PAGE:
On Coming to Sage Consulting Academy Even Though You Do Not Think You Should Have To Go Because You Have Been Doing This For 20 Years And It Will Be A Complete Waste Of Your Time

Recently, a class that I have been delivering, he Sage Consulting Academy, has become a requirement for certification for some Sage business partners.

While this post will seem like I am, as my Mom would say, “tooting my own horn,” I am posting it because it is a fairly common reaction for many seasoned consultants. This is especially true for those of you who suddenly face the need to take this class now that is is a requirement.

The following is the unedited evaluation of Susan Cardoza from Sysera.

What did you hope to gain from participating in the experience?  What did you bring to the dialog?

I came in skeptical that this course would add any value to my consulting skills.  I told myself on the first day to participate as little as possible and to just listen.  Well, as you saw, I wholeheartedly participated.  Hopefully, I brought something of value to the class; more importantly, I took away much from the other class members.

When were you the most anxious or fearful?  Why?

I was extremely anxious on Thursday early morning, 4:00am, because I lay awake thinking “How am I going to transition?  What about my Friday overview meeting with a new lead?  What if I say ‘prescription before diagnosis = malpractice’ and decline to give an implementation price, what will happen?”  So much of what you said resonated with my spirit, but I still wanted to scream out “Will you be my mentor?  Can I e-mail you documents & obtain your feedback?”  I own my Company, the buck stops with me, change starts with me.  I haven’t had a mentor in over 20 years.  Now I know you can’t mentor a thousand business partners, but boy did I want to scream out, help me, pick me.  Rather frightening, as I haven’t felt that way in a long time.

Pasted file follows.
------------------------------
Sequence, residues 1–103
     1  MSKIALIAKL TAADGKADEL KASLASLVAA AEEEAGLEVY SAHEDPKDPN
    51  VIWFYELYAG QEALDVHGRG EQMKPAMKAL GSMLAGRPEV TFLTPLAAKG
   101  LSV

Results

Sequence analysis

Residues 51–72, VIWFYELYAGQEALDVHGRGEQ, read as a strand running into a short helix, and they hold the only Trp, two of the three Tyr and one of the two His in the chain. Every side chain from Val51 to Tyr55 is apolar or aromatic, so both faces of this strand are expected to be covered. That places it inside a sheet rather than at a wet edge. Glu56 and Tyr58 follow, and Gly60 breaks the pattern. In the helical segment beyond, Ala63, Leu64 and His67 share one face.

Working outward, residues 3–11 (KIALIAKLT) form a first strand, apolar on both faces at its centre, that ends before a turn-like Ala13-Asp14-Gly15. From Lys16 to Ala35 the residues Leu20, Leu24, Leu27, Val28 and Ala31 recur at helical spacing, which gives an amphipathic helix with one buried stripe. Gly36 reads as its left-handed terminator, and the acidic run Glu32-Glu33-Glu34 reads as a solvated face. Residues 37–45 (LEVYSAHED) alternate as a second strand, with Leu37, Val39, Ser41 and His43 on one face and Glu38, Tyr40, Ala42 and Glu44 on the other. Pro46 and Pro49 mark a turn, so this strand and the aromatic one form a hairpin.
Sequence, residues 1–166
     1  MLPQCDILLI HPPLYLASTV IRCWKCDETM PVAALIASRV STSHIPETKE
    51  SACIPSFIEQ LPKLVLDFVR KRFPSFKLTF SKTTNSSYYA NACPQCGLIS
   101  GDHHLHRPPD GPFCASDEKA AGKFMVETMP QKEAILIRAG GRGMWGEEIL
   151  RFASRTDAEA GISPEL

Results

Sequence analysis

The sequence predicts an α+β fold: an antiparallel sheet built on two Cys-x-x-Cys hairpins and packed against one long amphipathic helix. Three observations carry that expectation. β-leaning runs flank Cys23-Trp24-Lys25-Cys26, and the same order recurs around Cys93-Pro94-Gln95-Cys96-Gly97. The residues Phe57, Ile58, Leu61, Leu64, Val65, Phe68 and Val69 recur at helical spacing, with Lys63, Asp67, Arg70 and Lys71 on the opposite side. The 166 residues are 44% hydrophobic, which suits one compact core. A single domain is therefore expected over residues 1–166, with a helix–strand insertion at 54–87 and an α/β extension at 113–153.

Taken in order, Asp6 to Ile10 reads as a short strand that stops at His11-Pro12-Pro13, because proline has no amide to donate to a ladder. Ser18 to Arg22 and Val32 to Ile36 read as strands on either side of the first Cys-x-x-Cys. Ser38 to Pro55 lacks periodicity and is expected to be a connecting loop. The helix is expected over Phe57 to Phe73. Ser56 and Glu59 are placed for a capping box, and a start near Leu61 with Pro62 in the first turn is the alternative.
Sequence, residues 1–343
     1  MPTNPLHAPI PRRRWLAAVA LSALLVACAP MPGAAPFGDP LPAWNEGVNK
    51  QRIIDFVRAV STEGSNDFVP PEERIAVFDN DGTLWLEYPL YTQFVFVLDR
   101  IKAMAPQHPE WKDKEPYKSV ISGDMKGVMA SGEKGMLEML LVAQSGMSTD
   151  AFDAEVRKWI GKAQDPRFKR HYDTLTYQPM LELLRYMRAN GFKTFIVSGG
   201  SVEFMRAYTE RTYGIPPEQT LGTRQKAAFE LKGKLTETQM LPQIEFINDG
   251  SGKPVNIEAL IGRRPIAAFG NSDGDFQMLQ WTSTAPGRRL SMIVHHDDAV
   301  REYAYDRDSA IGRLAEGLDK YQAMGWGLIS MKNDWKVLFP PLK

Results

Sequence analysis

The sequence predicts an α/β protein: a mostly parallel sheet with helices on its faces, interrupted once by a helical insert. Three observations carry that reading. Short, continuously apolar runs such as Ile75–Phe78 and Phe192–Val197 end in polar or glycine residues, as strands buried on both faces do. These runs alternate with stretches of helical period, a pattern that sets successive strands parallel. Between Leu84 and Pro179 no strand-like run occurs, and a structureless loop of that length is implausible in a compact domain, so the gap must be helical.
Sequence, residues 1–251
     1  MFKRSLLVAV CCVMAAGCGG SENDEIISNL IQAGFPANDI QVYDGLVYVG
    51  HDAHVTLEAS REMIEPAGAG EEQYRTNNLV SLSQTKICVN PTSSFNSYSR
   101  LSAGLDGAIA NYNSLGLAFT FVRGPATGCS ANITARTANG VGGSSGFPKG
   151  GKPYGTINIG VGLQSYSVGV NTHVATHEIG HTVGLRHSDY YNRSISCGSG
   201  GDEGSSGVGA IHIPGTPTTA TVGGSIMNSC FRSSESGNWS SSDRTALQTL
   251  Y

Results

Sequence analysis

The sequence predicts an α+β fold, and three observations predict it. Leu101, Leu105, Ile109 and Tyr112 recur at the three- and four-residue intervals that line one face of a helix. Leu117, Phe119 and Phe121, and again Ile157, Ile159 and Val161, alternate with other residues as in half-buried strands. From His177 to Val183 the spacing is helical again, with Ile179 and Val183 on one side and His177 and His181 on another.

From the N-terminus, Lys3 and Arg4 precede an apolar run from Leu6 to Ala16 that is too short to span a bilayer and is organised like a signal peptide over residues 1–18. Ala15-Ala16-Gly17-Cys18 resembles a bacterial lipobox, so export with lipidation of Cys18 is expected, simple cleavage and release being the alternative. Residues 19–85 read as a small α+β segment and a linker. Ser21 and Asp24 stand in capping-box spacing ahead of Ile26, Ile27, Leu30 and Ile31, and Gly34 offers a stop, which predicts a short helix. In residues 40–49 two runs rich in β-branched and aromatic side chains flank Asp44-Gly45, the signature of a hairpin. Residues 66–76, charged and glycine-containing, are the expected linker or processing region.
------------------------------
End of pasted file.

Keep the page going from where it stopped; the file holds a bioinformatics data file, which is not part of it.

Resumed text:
When were you the most inspired or ecstatic?  Why?

Clearly, I had moments of inspiration because I determined it was more valuable for Kelley & Denice to attend your class than Sage Insights next year.  I will invest in their education to make sure they are on the same page as me.  It will take a team effort to move away from the insanity of “billable” hours.  They will be ecstatic to be released from the obligation to prepare time sheets.

What did you learn about yourself?

You took me out of my comfort zone, you made me think differently.  Clearly, you were saying “Come on in, the water’s fine.”  Those that are already in the “pool” are always more comfortable than those who are hot & sweaty outside of the “pool”.  Obviously, I liked my way of doing things, but a change is coming.

On a scale of 0-10, what is the likelihood that you would recommend this class to a colleague?  10, assuming 10 is most likely.

Would you like the instructor to evaluate your participation at this class?  Yes

May we use your name as a reference for this class?  Yes

May we use your comments as a testimonial?  Yes, if you want


Wow!  After 23 years and many successful implementations, I thought I knew how to lead a project.  Well I was partially right, in that I can successfully lead a flat-fee based project; however, a value based project at a flat fee takes me back to “consulting kindergarten”.   It is a new way to think and a new way to communicate.  You taught this old dog some new tricks.